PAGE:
Step 4 | Deciding what needs to be translated

Once you’ve decided how you’re going to get your site translated, you might well think that the entire site needs to be done. However, it’s made up of a lot of different elements, so you should first decide whether every page needs to be translated. Another question is whether your content should be modified before being translated. For example, information about shipping , return policies or FAQs. Most likely, this sort of information would be different for every language. You might also have some job vacancies that really don’t need to be translated.

Once you’ve decided which pages are relevant, it’s important for their titles to be translated as well. Also, every page has images with their own alt text. Alt text is written copy that tells search engines exactly what can be seen in the relevant image, and therefore what you’re selling in your web shop. It’s therefore important for this text to include the correct translations of your keywords, so that you’re properly indexed by search engines such as Google.

Don’t forget that meta titles and meta descriptions also have to be translated properly. When surfers from other countries see your site in their search results, you obviously want them to read a well translated description of it. This is the moment to convince them that your web shop is exactly what they were looking for.

So take a good look at your site and decide which parts of it you want to have translated. This will save you time and money!

Step 5 | Collecting copy for translation

Collecting copy often sounds more difficult than it is. You don’t always have to literally paste everything into a Word file. Modern tools can often be used to automate the translation process and make it easy to export and re-import your copy.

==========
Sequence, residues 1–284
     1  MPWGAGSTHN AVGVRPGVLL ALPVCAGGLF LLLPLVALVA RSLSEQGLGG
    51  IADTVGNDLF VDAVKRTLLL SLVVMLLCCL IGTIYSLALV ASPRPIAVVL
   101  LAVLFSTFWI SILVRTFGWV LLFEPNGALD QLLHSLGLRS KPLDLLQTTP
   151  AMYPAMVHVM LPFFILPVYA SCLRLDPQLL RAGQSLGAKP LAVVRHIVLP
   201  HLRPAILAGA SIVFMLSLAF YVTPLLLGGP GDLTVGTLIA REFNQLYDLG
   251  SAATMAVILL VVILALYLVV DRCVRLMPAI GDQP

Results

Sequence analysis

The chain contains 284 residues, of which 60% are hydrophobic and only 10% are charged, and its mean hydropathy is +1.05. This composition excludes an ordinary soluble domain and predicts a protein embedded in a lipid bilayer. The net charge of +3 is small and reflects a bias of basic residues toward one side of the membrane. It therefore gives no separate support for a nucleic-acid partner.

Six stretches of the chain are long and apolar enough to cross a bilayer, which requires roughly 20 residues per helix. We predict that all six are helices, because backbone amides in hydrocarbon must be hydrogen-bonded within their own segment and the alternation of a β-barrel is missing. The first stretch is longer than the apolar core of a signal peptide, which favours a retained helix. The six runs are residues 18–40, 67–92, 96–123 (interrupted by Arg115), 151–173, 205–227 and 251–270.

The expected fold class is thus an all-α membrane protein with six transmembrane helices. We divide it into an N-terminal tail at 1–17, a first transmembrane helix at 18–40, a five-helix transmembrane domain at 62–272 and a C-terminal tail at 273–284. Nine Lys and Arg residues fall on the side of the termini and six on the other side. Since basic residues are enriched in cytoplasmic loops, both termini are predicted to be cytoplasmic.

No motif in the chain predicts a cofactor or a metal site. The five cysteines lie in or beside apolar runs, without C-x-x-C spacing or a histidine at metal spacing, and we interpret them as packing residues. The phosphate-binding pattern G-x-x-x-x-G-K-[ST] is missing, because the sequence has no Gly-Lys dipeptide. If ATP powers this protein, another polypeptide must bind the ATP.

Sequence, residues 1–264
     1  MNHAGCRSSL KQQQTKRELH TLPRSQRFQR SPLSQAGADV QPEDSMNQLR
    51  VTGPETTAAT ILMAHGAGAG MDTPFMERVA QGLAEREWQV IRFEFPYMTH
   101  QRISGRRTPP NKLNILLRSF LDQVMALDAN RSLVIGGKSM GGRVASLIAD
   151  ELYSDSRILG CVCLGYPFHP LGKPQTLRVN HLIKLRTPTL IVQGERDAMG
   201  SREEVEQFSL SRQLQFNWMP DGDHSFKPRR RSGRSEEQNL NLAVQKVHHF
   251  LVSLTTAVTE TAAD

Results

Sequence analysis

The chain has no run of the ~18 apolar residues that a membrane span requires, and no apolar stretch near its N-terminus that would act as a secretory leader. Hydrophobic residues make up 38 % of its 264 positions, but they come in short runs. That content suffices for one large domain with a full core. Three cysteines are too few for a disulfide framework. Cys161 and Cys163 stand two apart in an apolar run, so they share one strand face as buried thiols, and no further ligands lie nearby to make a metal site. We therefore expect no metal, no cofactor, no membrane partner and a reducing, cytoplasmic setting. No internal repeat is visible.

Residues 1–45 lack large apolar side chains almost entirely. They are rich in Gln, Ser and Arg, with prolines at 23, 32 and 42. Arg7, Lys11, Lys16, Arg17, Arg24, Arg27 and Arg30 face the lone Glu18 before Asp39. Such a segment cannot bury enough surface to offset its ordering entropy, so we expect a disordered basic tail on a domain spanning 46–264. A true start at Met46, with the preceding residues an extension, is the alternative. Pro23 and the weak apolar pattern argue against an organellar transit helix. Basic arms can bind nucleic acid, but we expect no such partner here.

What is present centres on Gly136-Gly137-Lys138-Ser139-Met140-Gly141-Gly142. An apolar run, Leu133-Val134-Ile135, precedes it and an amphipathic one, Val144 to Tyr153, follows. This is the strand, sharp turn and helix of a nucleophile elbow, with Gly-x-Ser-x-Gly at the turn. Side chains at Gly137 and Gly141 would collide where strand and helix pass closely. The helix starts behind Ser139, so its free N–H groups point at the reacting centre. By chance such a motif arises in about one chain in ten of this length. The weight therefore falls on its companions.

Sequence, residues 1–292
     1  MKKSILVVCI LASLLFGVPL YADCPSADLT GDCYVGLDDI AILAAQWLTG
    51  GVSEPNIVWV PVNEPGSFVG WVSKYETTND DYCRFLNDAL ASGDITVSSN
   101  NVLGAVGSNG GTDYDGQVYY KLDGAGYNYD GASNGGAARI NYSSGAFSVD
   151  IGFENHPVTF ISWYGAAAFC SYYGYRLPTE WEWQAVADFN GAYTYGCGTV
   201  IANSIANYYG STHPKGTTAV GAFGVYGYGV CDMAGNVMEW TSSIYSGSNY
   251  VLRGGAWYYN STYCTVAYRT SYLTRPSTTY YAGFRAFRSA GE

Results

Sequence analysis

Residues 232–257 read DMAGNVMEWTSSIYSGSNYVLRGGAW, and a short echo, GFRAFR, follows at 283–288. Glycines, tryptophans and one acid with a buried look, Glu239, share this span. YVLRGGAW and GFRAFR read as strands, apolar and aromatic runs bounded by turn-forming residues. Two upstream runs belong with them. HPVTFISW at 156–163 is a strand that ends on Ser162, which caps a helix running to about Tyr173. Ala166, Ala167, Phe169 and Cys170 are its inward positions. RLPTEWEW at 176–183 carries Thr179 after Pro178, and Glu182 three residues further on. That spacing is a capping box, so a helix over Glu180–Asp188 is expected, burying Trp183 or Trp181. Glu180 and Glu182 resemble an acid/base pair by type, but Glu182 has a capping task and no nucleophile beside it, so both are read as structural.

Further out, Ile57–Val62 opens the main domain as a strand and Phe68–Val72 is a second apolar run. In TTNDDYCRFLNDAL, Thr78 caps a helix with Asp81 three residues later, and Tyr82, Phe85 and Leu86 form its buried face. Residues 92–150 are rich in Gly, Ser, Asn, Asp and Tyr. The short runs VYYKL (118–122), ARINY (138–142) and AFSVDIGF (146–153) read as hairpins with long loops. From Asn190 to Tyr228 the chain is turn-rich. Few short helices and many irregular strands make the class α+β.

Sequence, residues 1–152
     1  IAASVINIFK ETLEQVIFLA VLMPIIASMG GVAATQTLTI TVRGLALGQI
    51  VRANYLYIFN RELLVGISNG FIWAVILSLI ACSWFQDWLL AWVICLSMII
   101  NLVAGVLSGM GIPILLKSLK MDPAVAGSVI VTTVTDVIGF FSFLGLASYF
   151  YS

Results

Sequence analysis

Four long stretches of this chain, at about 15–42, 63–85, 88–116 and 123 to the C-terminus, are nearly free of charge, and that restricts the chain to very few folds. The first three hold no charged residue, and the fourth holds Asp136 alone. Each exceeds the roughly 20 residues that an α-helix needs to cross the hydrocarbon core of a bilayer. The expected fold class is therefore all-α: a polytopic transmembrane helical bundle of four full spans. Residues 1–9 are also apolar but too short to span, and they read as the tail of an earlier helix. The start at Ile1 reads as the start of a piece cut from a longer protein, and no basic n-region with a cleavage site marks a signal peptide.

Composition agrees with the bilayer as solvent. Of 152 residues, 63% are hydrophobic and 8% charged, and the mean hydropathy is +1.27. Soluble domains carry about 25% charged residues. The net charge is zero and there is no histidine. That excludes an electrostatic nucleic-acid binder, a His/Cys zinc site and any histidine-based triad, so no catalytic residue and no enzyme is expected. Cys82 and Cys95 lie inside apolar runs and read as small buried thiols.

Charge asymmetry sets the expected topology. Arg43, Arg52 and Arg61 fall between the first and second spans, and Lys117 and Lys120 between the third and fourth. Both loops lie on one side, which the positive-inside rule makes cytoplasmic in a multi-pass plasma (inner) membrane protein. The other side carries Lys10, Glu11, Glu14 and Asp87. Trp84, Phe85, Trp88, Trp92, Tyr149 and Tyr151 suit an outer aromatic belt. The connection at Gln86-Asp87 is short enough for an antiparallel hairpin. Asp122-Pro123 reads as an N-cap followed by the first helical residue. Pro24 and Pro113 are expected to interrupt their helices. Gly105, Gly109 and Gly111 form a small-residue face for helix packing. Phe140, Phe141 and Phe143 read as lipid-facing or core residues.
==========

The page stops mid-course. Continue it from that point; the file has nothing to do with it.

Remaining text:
Formats for supplying copy include CSV and XLIFF, for example. The translation agency then prepares the content by importing it into a special translation editor, keeping any code in your content (usually HTML) intact. The translator then gets to work. The agency then sees to it that you get your translation back in the original file format, which you can then simply import into your site. You can sometimes also use an app to export your content to your CMS (Content Management System).

Another option is to connect your CMS through an API (Application Programming Interface). Your copy is then forwarded directly to the application that your translation agency uses. When the agency has finished its work, it returns your copy using the same procedure.

If you’re not yet sure of the options for your content systems, ask your translation agency and web agency for advice.

Step 6 | Wait for the first international orders

Your website has now been translated and is available to international visitors in various countries. You know for certain that it has been translated to perfection and it’s now just a matter of time before the first orders come in!

If you’d like to find out more about how LinQuake Translation Services can help you translate your site, feel free to contact us.